The Family Educational Rights and Privacy Act of 1974 (FERPA) is a federal law that protects the confidentiality of student education records. To implement FERPA, the University has formulated and adopted a written institutional policy governing the handling of these records.

The term "education records" under FERPA includes generally any record, whether in a printed, handwritten, audio, video, or computer media format, maintained by the University and containing information related to a student in his/her role as a student. Certain records are, however, excluded by FERPA from this broad definition, such as those made by instructional, supervisory, and administrative personnel and kept in their sole possession, those made by campus police, and those made by a physician or other professional medical personnel in connection with treatment of the student.

Under FERPA and University policy, a student has a right of access to his/her education records and may inspect and review the information contained in them. To exercise this right, the student should present a request to the University office where the record is located, and a response will be made no later than 45 days later. In certain cases, a copy of the record may be provided, with a copying fee, as an alternative to actual inspection. Some records are not within this right of review, such as financial information from the student's parents and confidential letters or statements of recommendation where the student has waived the right of access.

A student who believes his/her education records contain information that is inaccurate, misleading, or in violation of his/her privacy rights may bring the matter to the attention of the appropriate records official. If by informal discussion with this official the student does not obtain the corrective action desired, the student will then be entitled to a hearing at which he/she may challenge the objectionable item. Additional information about hearing procedures will be given to the student at that time. The decision of the hearing official or panel shall be final. If the decision is adverse to the student, he/she may insert in the education record an explanatory statement about the disputed item.

A student's privacy interest in the education record is further protected by the rule against unauthorized disclosure. Generally, the University may not, without the student's consent, release the education record or personally identifiable information in it to other individuals or entities.

Disclosure in certain circumstances, however, is specifically excepted by FERPA from the foregoing rule. These circumstances include disclosure to certain parties–University personnel who have a legitimate educational interest in the information, officials of institutions where the student is seeking to enroll, parties to which the student is applying for financial aid, the parent of a dependent student, etc.; disclosure to comply with a judicial order or lawfully issued subpoena; or disclosure in connection with a health or safety emergency. Under the first exception, "University personnel" includes any UAH employee, and a "legitimate educational interest" means that the employee has a need for access to the record to perform appropriate tasks clearly within the area of responsibility of the employee, to perform a task related to the education or discipline of the student, or to provide a benefit or service relating to the student. Personally identifiable information will be transmitted by the University under these exceptions only upon the condition that the recipient not permit any other party to have access to it without the student's consent.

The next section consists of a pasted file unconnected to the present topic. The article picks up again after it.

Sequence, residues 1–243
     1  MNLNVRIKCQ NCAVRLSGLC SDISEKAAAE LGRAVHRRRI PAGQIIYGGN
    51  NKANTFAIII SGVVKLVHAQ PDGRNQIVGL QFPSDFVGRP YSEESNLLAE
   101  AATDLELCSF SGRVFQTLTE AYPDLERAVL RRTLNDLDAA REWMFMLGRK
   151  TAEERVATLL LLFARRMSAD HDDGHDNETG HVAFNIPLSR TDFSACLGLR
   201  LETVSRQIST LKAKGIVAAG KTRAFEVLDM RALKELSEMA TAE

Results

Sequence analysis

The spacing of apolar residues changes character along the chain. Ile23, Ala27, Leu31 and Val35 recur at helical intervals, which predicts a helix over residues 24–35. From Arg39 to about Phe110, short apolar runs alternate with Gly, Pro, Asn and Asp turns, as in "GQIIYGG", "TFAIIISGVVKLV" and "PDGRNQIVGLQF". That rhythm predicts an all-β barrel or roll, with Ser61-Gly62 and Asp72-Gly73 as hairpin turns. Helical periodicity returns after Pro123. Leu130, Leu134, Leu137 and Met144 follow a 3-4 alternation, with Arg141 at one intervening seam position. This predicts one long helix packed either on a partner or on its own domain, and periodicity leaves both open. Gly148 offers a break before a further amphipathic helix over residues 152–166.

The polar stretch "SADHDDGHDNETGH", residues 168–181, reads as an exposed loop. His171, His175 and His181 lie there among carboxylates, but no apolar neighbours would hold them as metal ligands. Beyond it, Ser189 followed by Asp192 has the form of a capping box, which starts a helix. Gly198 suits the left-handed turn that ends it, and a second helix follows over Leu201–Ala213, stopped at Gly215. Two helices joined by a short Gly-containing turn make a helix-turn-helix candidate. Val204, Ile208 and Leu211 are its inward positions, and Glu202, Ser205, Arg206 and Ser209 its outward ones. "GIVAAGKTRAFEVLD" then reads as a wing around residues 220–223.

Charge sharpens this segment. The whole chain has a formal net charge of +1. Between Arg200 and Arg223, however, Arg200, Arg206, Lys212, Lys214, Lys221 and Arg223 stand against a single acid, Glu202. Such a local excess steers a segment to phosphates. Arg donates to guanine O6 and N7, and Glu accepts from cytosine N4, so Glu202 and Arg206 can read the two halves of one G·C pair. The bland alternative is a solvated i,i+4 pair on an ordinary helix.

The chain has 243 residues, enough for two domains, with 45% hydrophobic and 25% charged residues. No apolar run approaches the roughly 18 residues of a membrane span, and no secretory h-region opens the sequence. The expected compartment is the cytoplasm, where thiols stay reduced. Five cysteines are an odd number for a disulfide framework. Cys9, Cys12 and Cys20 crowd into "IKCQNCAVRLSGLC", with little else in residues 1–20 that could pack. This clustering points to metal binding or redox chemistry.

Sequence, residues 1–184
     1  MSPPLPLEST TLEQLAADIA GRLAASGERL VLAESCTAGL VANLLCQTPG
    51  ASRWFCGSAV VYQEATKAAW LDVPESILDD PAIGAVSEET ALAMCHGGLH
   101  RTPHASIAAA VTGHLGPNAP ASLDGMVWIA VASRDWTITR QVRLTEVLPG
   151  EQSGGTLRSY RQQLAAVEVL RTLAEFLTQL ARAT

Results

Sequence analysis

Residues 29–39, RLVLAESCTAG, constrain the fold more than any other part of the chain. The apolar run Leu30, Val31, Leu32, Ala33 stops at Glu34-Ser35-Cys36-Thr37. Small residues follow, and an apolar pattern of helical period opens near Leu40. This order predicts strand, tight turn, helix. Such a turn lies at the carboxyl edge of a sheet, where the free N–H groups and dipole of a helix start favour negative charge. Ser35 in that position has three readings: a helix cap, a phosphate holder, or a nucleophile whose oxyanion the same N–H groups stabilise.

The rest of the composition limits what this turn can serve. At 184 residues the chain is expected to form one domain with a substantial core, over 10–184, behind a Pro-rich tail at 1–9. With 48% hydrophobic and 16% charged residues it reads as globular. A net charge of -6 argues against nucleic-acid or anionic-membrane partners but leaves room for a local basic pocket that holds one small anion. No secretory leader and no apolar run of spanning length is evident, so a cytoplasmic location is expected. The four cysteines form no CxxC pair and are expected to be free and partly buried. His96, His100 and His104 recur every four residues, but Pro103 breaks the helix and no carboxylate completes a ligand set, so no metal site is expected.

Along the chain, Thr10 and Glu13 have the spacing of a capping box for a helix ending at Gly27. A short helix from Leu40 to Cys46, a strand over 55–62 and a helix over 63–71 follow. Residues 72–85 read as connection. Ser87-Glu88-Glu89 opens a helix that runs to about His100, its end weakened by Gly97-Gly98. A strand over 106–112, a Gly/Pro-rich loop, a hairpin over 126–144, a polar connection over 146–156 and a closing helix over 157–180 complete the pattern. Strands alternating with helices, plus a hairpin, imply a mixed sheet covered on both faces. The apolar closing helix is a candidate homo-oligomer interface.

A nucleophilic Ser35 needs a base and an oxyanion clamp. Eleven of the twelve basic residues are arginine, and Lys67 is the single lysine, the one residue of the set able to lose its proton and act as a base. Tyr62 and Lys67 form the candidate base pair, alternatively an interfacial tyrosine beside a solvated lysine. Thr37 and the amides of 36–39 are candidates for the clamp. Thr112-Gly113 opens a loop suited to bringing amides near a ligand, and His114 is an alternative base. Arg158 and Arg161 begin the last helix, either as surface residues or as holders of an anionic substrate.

The University may also release what is called "directory information" without obtaining the student's consent. Directory information is limited to the following: the student's name, address (local and permanent), telephone number, e-mail address, date and place of birth, enrollment status (full-time or part time), major field of study, participation in officially recognized activities and sports, dates of attendance, degrees and awards received, the previous educational institution most recently attended, and a photograph of the student. However, a student may prevent the release of even this information, if he/she wishes, by completing a form provided for this purpose in the Office of Student Records.

Any student who believes that his/her rights under FERPA have been violated by the University may notify and request assistance from the Provost and Executive Vice President for Academic Affairs. The student may also file a complaint with the Family Policy Compliance Office, U.S. Department of Education, 400 Maryland Avenue, SW, Washington, DC 20202-5920.